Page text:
SMOKERS will be urged not to light up in Formby playgrounds in a bit to stop children picking up their first cigarette.
From September, signs will be put up in all play areas across Sefton, asking parents to stub it out.
The move is a breath of fresh air for parents and anti-smoking supporters.
Back in March, a survey was carried out with more than 90% of people backing the move to stop smoking in playgrounds.
Heart of Mersey, the charity fronting the campaign, insists that smokers are not banned from the play areas, rather it is a voluntary code which they are asking people to abide by. They hope that by not seeing smokers at a young age, children will be less tempted to ever want to try a cigarette.
Across Sefton, one in 20 children light up before their 15th birthday, and almost 20% are smokers.
In a report which went before Cabinet members, director of public health for Sefton Council and NHS Sefton Dr Janet Atherton said: “Children become aware of cigarettes at an early age. Three out of four children are aware of cigarettes before they reach the age of five irrespective of whether or not their parents smoke.”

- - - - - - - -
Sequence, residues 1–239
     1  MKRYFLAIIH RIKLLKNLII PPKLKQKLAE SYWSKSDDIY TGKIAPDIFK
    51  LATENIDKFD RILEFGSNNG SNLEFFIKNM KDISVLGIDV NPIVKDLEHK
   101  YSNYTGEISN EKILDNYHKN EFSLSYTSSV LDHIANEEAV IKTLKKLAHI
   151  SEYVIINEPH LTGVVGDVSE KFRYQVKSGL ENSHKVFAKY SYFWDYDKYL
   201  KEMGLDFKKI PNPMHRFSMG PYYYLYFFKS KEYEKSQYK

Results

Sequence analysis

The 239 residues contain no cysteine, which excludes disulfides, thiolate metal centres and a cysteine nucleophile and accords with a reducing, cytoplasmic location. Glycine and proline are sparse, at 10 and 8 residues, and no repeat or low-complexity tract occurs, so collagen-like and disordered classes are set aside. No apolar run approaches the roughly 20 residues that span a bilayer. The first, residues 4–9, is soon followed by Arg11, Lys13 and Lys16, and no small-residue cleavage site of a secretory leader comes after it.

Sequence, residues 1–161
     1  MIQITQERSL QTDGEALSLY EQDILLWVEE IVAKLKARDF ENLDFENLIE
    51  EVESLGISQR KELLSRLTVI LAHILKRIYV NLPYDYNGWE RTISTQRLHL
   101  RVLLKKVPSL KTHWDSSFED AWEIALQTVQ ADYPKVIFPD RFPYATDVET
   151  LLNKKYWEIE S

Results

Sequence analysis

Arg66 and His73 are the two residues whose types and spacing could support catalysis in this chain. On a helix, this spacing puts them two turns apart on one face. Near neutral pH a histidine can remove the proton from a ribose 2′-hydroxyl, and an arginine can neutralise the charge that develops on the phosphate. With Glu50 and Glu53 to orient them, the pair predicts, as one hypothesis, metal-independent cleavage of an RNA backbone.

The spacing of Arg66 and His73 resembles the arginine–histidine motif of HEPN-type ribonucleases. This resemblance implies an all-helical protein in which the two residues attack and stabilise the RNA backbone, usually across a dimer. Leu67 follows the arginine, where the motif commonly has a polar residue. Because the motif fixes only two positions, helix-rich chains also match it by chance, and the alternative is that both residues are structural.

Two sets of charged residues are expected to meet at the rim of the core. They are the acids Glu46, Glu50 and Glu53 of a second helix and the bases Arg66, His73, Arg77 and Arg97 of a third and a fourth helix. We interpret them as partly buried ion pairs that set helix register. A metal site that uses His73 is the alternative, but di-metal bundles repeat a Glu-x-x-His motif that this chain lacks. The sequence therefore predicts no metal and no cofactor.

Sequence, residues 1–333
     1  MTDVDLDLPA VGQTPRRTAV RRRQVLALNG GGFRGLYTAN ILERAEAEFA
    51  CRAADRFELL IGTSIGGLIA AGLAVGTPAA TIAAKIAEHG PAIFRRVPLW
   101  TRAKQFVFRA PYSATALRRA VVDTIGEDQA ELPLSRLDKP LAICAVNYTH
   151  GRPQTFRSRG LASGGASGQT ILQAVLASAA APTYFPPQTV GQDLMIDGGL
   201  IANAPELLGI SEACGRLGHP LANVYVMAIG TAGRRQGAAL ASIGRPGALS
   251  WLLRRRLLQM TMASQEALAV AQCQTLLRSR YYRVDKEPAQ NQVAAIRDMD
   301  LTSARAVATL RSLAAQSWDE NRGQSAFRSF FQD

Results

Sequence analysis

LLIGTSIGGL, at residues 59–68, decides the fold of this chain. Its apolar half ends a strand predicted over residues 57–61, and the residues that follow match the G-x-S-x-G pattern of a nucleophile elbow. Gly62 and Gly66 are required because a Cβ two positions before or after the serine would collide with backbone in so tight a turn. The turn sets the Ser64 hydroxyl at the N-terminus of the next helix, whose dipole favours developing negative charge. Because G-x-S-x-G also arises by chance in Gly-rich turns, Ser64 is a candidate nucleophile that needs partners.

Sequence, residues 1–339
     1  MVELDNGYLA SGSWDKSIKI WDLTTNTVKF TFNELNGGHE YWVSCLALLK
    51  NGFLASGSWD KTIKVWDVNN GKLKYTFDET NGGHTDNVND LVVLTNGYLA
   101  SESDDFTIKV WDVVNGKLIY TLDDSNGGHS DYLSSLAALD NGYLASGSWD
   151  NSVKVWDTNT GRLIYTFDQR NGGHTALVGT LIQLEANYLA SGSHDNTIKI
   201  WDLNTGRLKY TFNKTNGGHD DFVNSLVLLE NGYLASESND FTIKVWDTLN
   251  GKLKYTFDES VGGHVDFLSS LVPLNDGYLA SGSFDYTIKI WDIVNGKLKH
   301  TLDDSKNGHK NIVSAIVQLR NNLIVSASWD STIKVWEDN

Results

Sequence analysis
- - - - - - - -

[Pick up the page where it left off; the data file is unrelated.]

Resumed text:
The campaign was approved at the Cabinet meeting on August 16.
Jo McCullagh, tobacco control programme lead at Heart of Mersey, said: “Smoking remains the greatest cause of preventable disease, disability and health inequalities nationally and locally. In Sefton, nearly one in five people smoke (19.6%) so we are absolutely delighted that Sefton Council and NHS Sefton have worked in partnership with Heart of Mersey to protect future generations of children from the harm done by tobacco.”
Intensive care nurse Christine Mercer, 55, from Southbank Road, agreed with the plans after seeing the effects of smoking daily. “Children and youths can copy their parents if they see them smoking in parks. A lot of youths think it is ‘cool’ to smoke too.”
The scheme will be rolled out across the borough in September after a big launch even.